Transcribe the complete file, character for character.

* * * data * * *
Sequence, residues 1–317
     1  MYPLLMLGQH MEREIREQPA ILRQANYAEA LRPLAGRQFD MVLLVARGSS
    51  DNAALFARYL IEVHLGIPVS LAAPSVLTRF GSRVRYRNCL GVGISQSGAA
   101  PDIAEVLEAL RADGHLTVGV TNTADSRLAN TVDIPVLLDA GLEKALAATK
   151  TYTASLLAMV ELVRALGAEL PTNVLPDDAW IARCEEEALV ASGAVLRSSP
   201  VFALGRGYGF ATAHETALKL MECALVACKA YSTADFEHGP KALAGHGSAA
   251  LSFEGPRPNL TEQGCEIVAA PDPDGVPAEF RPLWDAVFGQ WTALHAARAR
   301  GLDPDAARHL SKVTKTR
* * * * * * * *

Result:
Sequence, residues 1–317
     1  MYPLLMLGQH MEREIREQPA ILRQANYAEA LRPLAGRQFD MVLLVARGSS
    51  DNAALFARYL IEVHLGIPVS LAAPSVLTRF GSRVRYRNCL GVGISQSGAA
   101  PDIAEVLEAL RADGHLTVGV TNTADSRLAN TVDIPVLLDA GLEKALAATK
   151  TYTASLLAMV ELVRALGAEL PTNVLPDDAW IARCEEEALV ASGAVLRSSP
   201  VFALGRGYGF ATAHETALKL MECALVACKA YSTADFEHGP KALAGHGSAA
   251  LSFEGPRPNL TEQGCEIVAA PDPDGVPAEF RPLWDAVFGQ WTALHAARAR
   301  GLDPDAARHL SKVTKTR